Thursday, January 18, 2024

Babylon’s Destruction (18.20–24)


Rejoice over her, heaven and holy ones and apostles and prophets, because God judged your judgment against her.’

And one angel lifted a heavy stone, like a large millstone, and threw it in the sea, saying, ‘The great city Babylon will be overthrown with an upheaval like this, and will not be found anymore. And the sound of harpists and musicians and flautists and trumpeters will never be heard in you anymore, and all crafters of every craft will never be found in you anymore, and the sound of a millstone will never be heard in you anymore, and a lamp’s light will never shine in you anymore, and the voice of a groom and bride will never be heard in you anymore, because your merchants were the earth’s moguls, because all the nations were deceived by your sorcery.’

And the blood of prophets and holy ones and all those slaughtered on the earth was in her.


All of chapter 18 is a lament for the fall of Rome, written from the perspective of those who benefited from its tyranny. The chapter is based closely on Ezekiel 26–28, which features a similar lament for the city Tyre. Woven into the lament for Rome are insults and criticisms derived mainly from Jeremiah’s prophecies against the historical Babylon, which this book uses as a codename for Rome due to both empires having destroyed Jerusalem and its temple.



25.10 And I will banish from them the sound of mirth and the sound of gladness, the voice of the bridegroom and the voice of the bride, the sound of the millstones and the light of the lamp.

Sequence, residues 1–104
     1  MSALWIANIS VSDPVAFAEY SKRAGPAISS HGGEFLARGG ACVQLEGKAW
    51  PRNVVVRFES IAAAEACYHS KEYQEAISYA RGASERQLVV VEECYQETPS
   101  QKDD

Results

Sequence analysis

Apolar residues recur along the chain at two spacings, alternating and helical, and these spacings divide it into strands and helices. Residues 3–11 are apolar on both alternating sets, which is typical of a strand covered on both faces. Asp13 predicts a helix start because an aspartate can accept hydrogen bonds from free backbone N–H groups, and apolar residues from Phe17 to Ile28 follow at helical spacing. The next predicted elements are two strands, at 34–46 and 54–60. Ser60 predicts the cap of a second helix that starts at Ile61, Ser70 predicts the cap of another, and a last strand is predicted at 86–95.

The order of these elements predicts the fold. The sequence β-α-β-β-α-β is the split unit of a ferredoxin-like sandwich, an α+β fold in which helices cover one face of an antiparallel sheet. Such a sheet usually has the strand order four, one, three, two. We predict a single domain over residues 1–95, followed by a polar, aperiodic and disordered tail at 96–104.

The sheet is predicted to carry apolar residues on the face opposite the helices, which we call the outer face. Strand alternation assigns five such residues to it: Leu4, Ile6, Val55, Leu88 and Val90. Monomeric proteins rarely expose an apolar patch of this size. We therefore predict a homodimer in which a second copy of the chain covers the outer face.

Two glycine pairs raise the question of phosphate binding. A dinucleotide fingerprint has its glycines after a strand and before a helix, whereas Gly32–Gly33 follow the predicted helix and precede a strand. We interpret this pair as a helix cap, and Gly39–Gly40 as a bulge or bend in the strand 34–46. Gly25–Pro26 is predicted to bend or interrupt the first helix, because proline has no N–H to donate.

51.49, 63–64 Babylon must fall for the slain of Israel, as the slain of all the earth have fallen because of Babylon. […] When you finish reading this scroll, tie a stone to it, and throw it into the middle of the Euphrates, and say, ‘Thus shall Babylon sink, to rise no more, because of the disasters that I am bringing on her.’


26.13 I will silence the music of your songs; the sound of your lyres shall be heard no more.


5.14–15 The old men have left the city gate, the young men their music. The joy of our hearts has ceased; our dancing has been turned to mourning.

Sibylline Oracles

3.307–313 For a heavenly eternal destruction will come upon you, Babylon, one day, from above, and on the children of wrath, (but it will come down upon you from heaven from the holy ones). Then you will be as you were before, as if you had not been. Then you will filled with blood, as you yourself formerly poured out the blood of good men and righteous men, whose blood even now crises out to high heaven.

8.114–119 No drum sounds, no cymbal, no flute of many holes, which has a sound that damages the heart, no pipe, whie bears an imitation of the crooked serpent, no savage-sounding trumpet, herald of wars, none who are drunk in lawless revels or dances, no sound of the lyre, no evil-working device


11.49–51 ‘Therefore also the Wisdom of God said, I will send them prophets and apostles, some of whom they will kill and persecute, so that this generation may be charged with the blood of all the prophets shed since the foundation of the world, from the blood of Abel to the blood of Zechariah, who perished between the altar and the sanctuary. Yes, I tell you, it will be charged against this generation.’

2 Baruch

10.13 And you, grooms, do not enter, and do not let brides adorn themselves.

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